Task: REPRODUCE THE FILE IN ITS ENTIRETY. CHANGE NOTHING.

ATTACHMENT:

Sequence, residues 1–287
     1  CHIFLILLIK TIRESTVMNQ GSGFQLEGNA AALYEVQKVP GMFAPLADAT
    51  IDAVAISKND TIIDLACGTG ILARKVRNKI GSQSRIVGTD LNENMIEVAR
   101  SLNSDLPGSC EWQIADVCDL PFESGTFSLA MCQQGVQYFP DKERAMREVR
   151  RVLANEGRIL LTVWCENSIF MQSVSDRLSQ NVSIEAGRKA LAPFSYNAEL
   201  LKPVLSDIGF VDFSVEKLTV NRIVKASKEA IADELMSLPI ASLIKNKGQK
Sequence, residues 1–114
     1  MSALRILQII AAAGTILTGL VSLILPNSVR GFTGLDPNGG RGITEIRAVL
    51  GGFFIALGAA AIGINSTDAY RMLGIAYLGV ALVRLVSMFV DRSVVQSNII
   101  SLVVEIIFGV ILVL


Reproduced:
Sequence, residues 1–287
     1  CHIFLILLIK TIRESTVMNQ GSGFQLEGNA AALYEVQKVP GMFAPLADAT
    51  IDAVAISKND TIIDLACGTG ILARKVRNKI GSQSRIVGTD LNENMIEVAR
   101  SLNSDLPGSC EWQIADVCDL PFESGTFSLA MCQQGVQYFP DKERAMREVR
   151  RVLANEGRIL LTVWCENSIF MQSVSDRLSQ NVSIEAGRKA LAPFSYNAEL
   201  LKPVLSDIGF VDFSVEKLTV NRIVKASKEA IADELMSLPI ASLIKNKGQK
Sequence, residues 1–114
     1  MSALRILQII AAAGTILTGL VSLILPNSVR GFTGLDPNGG RGITEIRAVL
    51  GGFFIALGAA AIGINSTDAY RMLGIAYLGV ALVRLVSMFV DRSVVQSNII
   101  SLVVEIIFGV ILVL